Yesterday, 10 August, we headed set out after a really nice continental breakfast at the K Bar S lodge.
Our first destination was Devil’s Tower, WY. We were worried about getting into the park. There is a huge motorcycle rally going on this week in Sturgis, nearby. Apparently up to 500,000 bikers show up for the rally each year. The Rangers at Devil’s Tower were well prepared for the huge influx of people. Parking was well organized, extra stations were set up for people to get bottled water, etc. While traffic was heavy we were able to get into the park and find parking very quickly.
If you are not an excellent mountain climber, what there is to do at Devil’s Tower is admire the scenery and take a couple of different hikes around the base of it. The kids had fun climbing around the boulder field at the base of the monument for a while. We spent three hours at Devil’s Tower, about an hour longer than we thought we would, but some of that time was consumed in just getting in and out through all the bikers.
(By the way, while the vast majority of the bikers look “different,” they were well behaved, quiet, and made no trouble. Tommy wanted to know why all the biker women walked around half naked, to which we had no answer. This seems to be a case of not judging a book by its cover.)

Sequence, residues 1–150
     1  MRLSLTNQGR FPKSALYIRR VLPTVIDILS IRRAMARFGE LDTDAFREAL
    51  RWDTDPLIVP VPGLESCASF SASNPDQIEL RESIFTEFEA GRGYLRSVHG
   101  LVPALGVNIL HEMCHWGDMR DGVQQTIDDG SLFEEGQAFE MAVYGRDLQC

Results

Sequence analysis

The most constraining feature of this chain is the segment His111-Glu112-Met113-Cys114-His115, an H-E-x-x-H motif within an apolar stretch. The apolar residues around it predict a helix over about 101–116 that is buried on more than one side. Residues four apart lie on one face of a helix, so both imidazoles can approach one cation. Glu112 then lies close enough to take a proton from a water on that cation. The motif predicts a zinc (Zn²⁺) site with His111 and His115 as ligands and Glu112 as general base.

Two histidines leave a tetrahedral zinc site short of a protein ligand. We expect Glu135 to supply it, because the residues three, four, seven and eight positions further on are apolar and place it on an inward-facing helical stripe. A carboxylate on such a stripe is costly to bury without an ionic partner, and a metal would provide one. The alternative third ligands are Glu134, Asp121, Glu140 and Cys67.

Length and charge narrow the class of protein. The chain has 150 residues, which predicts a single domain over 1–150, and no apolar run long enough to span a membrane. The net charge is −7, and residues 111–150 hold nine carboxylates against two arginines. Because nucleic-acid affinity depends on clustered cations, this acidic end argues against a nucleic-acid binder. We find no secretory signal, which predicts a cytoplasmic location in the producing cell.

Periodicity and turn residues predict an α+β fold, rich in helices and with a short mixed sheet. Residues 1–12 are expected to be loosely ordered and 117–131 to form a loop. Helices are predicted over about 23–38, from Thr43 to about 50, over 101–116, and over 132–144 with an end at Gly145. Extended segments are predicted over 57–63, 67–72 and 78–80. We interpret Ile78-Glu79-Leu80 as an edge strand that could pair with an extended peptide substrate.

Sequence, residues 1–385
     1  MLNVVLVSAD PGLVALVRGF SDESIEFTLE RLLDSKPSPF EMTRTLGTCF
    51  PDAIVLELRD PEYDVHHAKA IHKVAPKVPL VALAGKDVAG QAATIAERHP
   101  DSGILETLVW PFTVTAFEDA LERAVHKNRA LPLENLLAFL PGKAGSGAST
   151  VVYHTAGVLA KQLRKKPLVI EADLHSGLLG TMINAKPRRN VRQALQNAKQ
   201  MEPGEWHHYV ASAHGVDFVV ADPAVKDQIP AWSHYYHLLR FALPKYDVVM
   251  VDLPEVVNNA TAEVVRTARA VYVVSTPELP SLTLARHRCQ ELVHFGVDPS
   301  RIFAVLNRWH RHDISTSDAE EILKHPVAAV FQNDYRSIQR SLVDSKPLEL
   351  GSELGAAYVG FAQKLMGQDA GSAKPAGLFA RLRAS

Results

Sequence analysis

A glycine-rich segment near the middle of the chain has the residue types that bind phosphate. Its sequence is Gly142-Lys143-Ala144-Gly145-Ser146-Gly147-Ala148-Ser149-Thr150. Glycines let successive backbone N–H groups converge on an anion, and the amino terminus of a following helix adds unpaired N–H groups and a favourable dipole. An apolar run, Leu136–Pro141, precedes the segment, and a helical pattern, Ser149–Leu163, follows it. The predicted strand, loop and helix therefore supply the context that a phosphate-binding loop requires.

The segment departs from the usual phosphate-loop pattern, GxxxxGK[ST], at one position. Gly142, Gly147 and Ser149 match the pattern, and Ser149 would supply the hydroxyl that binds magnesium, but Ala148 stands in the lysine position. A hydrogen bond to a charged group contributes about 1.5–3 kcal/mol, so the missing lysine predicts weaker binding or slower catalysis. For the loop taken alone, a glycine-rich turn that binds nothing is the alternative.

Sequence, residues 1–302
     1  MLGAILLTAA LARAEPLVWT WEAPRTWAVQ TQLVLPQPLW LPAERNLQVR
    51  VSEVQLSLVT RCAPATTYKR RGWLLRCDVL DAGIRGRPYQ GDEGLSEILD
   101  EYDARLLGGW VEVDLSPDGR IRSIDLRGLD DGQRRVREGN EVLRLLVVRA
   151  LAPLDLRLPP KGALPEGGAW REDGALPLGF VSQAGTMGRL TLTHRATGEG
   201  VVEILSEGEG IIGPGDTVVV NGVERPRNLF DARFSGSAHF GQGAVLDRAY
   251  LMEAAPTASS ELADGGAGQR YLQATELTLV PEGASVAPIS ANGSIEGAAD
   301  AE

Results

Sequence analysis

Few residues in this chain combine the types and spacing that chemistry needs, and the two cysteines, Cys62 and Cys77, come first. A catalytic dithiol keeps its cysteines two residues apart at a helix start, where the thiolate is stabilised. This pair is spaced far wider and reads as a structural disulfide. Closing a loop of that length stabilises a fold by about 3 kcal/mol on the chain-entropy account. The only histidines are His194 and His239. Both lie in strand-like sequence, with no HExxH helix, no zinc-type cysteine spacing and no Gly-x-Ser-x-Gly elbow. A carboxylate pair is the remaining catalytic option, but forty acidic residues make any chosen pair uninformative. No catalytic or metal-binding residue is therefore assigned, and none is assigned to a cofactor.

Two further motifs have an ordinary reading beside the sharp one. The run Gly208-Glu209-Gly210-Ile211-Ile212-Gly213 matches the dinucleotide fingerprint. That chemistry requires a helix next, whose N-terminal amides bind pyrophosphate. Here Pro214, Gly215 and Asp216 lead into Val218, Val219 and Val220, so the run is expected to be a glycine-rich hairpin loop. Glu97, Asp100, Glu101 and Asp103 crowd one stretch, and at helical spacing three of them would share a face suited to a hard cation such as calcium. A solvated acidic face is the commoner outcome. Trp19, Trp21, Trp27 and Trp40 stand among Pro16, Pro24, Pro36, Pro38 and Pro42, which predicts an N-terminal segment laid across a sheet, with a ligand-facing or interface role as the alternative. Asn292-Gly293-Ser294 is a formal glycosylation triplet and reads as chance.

While there is debate over the exact mechanism that created it, the scientists agree that Devil’s Tower was once the inside of a volcano. The outside eroded from wind and rain. The long streaks that you see in pictures are the seams between long columns of once-molten rock. These columns are actually hexagonal in horizontal cross section.
From Devil’s Tower we headed up into Montana to visit the Little Big Horn battlefield. At the visitor’s center, we saw the 17-minute movie, which was pretty good. The battle has a lot of maneuver, and I thought some better graphics and overhead maps could have helped understand what is a confusing engagement. There are no step-by-step descriptions of the battle in the visitor’s center. We drove the battlefield tour, some of which is on Park Service land and some of which is on the Crow Indian Reservation. The drive along with the descriptions of events in the park booklet gave a fair understanding of the battle. I would have liked more time there and some time with a Ranger; however, we had arrived late in the day and two hours was about all Candy and the kids could tolerate.
After two days of driving and site seeing, the kids enjoyed the pool with a long, curving water slide at the Rodeway Inn in Hardin, MT. Today we just have a three-hour drive to Yellowstone. I’m off for a six-mile run before everyone wakes up.